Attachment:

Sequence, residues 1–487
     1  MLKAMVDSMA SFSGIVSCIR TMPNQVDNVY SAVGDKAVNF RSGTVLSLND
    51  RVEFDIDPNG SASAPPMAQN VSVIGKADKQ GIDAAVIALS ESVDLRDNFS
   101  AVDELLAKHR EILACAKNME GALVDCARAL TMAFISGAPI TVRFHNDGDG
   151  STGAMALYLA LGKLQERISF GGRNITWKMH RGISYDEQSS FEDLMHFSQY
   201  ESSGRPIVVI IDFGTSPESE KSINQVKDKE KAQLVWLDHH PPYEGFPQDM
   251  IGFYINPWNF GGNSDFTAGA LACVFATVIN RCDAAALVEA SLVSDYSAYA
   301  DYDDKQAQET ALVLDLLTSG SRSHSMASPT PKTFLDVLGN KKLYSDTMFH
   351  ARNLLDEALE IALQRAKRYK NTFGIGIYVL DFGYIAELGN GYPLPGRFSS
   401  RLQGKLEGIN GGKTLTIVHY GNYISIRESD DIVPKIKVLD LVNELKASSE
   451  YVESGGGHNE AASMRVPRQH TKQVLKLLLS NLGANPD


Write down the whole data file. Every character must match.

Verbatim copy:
Sequence, residues 1–487
     1  MLKAMVDSMA SFSGIVSCIR TMPNQVDNVY SAVGDKAVNF RSGTVLSLND
    51  RVEFDIDPNG SASAPPMAQN VSVIGKADKQ GIDAAVIALS ESVDLRDNFS
   101  AVDELLAKHR EILACAKNME GALVDCARAL TMAFISGAPI TVRFHNDGDG
   151  STGAMALYLA LGKLQERISF GGRNITWKMH RGISYDEQSS FEDLMHFSQY
   201  ESSGRPIVVI IDFGTSPESE KSINQVKDKE KAQLVWLDHH PPYEGFPQDM
   251  IGFYINPWNF GGNSDFTAGA LACVFATVIN RCDAAALVEA SLVSDYSAYA
   301  DYDDKQAQET ALVLDLLTSG SRSHSMASPT PKTFLDVLGN KKLYSDTMFH
   351  ARNLLDEALE IALQRAKRYK NTFGIGIYVL DFGYIAELGN GYPLPGRFSS
   401  RLQGKLEGIN GGKTLTIVHY GNYISIRESD DIVPKIKVLD LVNELKASSE
   451  YVESGGGHNE AASMRVPRQH TKQVLKLLLS NLGANPD